New analysis shows that the rate of growth of mobile data use in the US has slowed down considerably in the third quarter, and the US may finally be feeling the affects of OTT messaging services. Guy Daniels reports.
If you want to find out what’s happening in the US telco market, you ought to keep an eye on Chetan Sharma’s blog. He has just posted an update on the US mobile data market for the third quarter, which shows a mere 3 per cent growth from the previous quarter to reach $19.9bn. However, year-on-year growth was up 17 per cent. So what’s going on? Is the US reaching a plateau for mobile data growth? How does that affect the so-called “spectrum crisis” that has got AT&T and its trade association friends so worked up about?
First of all, Chetan Sharma Consulting has calculated that data now represents almost 43 per cent of the US mobile industry service revenues, and that data should reach $80bn for the year. This percentage could well exceed the 50 per cent mark early next year. No surprise that Verizon and AT&T dominated the quarter, accounting for 69 per cent of the mobile data services revenue and had 66 per cent of the subscription base.
The overall ARPU for US mobile operators in Q3 declined by 15 cents. But whilst voice ARPU declined by 58 cents, data ARPU grew by 43 cents – almost a like for like replacement.
Chetan has calculated that the overall data consumption in the US market in 2012 will exceed 2,000 Petabytes (or 2 Exabytes, as we move into the age of big data and even bigger numbers). Smartphones are of course responsible for this growth. He believes that smartphone data consumption at some operators is averaging close to 900MB per month per subscription, with some devices responsible for use close to 2GB per month.
This is good news for the operators, as higher data usage leads to higher tariffs and revenues. There’s also the effect of ‘family data plans’, with shared usage, that he thinks will encourage the use of more data. The bad news though is that mobile data traffic growth is likely to slow down to roughly 80 per cent after doubling for the last five years.
Whilst 80 per cent growth is nothing to be sniffed at, it’s a sign of a slowdown, and that means reduced revenue forecasts.
Incidentally, he believes that US voice traffic will dip to below 10 per cent of the overall traffic by the end of 2012. Quite a turnaround.
Operators must take comfort though in the fact that smartphone adoption is still far from over. US penetration now stands at just over 50 per cent of all mobile subscribers, concentrated in only 30 per cent of households. There should therefore be plenty of opportunity to encourage the switch from feature-phone or dumb phone to smartphone, and hence more data usage.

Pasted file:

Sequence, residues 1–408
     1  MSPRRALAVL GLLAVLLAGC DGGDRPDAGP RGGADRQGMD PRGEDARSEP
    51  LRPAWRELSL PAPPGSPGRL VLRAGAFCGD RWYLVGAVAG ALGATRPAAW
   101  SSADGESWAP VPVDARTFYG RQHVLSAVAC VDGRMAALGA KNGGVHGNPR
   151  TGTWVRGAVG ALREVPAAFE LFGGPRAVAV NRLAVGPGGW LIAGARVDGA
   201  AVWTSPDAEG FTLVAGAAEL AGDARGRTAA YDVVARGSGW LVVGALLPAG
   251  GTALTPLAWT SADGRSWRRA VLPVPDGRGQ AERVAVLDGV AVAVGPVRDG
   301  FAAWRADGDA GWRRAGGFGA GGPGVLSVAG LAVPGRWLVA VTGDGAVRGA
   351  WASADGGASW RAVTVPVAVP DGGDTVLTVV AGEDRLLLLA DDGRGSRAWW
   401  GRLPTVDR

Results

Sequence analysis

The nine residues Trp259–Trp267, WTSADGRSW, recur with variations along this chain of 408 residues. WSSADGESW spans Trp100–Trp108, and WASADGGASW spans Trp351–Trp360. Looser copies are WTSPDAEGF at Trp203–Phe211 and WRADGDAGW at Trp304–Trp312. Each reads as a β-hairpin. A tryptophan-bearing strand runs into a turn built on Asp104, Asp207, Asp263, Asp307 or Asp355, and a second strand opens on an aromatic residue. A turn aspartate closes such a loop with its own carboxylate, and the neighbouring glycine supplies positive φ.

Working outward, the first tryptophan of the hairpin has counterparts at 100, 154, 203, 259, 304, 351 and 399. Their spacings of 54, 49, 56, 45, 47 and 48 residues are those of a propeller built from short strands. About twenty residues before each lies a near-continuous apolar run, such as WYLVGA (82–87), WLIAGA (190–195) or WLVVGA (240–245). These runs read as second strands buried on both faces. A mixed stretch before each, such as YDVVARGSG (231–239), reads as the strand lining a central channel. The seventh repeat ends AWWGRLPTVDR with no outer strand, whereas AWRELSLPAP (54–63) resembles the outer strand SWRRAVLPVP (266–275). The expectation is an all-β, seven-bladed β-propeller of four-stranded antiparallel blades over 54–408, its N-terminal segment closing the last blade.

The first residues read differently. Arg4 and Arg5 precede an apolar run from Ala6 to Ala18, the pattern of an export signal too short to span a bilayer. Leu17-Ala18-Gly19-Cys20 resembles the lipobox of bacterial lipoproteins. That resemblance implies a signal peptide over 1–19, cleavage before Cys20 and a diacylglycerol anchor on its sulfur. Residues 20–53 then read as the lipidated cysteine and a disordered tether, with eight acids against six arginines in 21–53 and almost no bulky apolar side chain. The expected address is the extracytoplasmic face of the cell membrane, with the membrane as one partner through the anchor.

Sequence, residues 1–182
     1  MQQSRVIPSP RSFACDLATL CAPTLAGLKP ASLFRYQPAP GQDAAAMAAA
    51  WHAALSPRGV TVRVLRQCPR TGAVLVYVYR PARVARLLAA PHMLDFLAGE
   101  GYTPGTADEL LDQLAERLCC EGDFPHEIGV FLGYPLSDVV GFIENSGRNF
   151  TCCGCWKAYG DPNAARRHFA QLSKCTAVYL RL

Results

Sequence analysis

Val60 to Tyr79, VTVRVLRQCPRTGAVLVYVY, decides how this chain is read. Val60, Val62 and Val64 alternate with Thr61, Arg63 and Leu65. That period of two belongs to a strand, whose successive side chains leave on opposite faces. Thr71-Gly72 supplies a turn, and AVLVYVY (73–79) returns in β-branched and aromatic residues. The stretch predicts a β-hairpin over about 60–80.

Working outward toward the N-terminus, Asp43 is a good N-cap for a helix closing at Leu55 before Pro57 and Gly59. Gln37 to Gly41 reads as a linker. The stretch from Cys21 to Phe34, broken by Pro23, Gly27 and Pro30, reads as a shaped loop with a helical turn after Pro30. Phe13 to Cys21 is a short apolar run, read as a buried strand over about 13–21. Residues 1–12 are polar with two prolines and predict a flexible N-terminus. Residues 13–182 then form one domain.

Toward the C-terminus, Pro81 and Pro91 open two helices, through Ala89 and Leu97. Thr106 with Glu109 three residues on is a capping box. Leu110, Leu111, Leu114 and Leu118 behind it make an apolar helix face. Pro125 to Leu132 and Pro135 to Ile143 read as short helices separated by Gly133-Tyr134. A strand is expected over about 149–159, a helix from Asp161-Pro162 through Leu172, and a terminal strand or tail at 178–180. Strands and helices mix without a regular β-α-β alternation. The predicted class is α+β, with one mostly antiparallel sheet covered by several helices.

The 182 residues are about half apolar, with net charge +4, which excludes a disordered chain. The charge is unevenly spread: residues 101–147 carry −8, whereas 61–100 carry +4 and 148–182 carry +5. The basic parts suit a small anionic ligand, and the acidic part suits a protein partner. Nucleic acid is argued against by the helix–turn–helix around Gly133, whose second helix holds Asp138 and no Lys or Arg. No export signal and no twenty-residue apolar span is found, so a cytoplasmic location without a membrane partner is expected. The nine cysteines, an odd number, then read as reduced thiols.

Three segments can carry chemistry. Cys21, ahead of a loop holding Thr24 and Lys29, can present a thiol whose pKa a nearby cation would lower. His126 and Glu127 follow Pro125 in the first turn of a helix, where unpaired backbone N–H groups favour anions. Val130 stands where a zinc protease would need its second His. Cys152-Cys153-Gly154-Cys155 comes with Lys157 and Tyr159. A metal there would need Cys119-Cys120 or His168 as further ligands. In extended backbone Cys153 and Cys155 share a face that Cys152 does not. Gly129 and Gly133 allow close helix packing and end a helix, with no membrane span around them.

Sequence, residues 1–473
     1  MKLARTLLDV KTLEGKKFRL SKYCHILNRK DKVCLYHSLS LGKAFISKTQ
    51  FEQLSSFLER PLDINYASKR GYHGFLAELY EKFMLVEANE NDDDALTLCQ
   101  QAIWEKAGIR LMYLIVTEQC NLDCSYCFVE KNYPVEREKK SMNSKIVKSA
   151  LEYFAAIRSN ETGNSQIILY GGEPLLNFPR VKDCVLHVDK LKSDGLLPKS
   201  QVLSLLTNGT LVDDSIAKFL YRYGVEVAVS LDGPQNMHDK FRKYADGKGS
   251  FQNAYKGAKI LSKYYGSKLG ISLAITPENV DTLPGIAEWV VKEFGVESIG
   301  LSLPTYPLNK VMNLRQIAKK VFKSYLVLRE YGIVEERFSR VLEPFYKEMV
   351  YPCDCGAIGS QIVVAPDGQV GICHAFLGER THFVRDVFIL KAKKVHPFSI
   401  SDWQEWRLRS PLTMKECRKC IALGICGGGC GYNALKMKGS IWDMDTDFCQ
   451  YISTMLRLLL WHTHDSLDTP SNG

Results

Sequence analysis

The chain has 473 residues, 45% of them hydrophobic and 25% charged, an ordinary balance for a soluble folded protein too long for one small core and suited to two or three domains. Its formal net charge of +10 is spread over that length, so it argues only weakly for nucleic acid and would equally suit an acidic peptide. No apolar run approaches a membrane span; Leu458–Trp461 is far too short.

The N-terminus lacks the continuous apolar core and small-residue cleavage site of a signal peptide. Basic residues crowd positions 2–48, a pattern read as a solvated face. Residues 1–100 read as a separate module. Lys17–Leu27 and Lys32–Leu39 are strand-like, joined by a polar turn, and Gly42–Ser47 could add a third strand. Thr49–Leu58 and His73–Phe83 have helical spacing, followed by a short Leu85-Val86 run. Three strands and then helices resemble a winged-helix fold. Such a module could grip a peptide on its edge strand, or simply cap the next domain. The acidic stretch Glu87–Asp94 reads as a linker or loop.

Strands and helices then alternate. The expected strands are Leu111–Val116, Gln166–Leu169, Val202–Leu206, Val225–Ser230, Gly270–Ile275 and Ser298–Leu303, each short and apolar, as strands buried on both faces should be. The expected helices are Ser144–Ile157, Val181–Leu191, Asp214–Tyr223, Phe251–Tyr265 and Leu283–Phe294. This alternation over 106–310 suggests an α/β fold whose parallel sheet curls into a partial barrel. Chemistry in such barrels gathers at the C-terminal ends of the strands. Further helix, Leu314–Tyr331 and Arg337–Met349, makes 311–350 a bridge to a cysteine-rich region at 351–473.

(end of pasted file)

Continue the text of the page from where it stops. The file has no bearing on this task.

This data growth comes against a backdrop of declining messaging revenue. Chetan notes that most western markets have seen the net revenue in the messaging segment decline, although the US has resisted this trend thus far. In Q3 2012 though, for the first time, there was a decline in both the total number of messages as well as the total messaging revenue in the market:
“It might be early to say if the decline has begun or the market segment will sputter along before the decline takes place. Once the market segment reaches the 70-90 per cent penetration mark, the decline begins and we might be seeing the start of the decline in messaging revenue. The decline is primarily due to the rise in IP messaging and operators have been slow to evolve their strategies in the segment.”
The interpretation of this data depends on which side of the spectrum debate you sit. There are those that will see the slowdown in data growth as meaning that there is no spectrum shortage and that existing resources (coupled with performance and capacity improvements to networks through new technologies, small cells and offloading, for example) will be adequate to cope with the demand – especially as growth in connected devices has been slower than expected at around just 5 per cent per quarter. But equally there are those that see the slowdown as being temporary, or a market adjustment to the reality of the economic doldrums – after all, it’s still growing by 80 per cent – and with smartphone penetration still a long way from saturation point, there’s much more data usage out there.
What’s going to be helpful for the entire industry is a move towards reporting average margins per account (AMPA), rather than average revenue per user. If shared family accounts are the way forward, and operators can bundle connected devices onto our phone subscriptions, then “account” becomes more useful than “user”. As do “margins” rather than “revenue” – it’s easy to make revenue, but far more difficult to make profit. Just how profitable is mobile data?
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